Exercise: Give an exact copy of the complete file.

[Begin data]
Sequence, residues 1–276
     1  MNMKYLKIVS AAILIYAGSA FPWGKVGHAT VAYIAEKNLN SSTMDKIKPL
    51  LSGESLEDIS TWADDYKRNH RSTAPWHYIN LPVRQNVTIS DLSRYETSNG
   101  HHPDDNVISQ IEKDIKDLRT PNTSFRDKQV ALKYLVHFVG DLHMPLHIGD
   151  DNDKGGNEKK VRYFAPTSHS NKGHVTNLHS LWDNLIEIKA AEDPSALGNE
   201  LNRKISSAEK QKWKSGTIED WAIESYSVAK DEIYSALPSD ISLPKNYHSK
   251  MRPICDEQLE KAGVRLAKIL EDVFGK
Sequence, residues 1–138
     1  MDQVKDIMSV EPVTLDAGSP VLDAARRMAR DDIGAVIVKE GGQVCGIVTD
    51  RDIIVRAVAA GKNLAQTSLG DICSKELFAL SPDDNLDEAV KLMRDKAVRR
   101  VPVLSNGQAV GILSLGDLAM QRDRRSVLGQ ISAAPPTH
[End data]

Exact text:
Sequence, residues 1–276
     1  MNMKYLKIVS AAILIYAGSA FPWGKVGHAT VAYIAEKNLN SSTMDKIKPL
    51  LSGESLEDIS TWADDYKRNH RSTAPWHYIN LPVRQNVTIS DLSRYETSNG
   101  HHPDDNVISQ IEKDIKDLRT PNTSFRDKQV ALKYLVHFVG DLHMPLHIGD
   151  DNDKGGNEKK VRYFAPTSHS NKGHVTNLHS LWDNLIEIKA AEDPSALGNE
   201  LNRKISSAEK QKWKSGTIED WAIESYSVAK DEIYSALPSD ISLPKNYHSK
   251  MRPICDEQLE KAGVRLAKIL EDVFGK
Sequence, residues 1–138
     1  MDQVKDIMSV EPVTLDAGSP VLDAARRMAR DDIGAVIVKE GGQVCGIVTD
    51  RDIIVRAVAA GKNLAQTSLG DICSKELFAL SPDDNLDEAV KLMRDKAVRR
   101  VPVLSNGQAV GILSLGDLAM QRDRRSVLGQ ISAAPPTH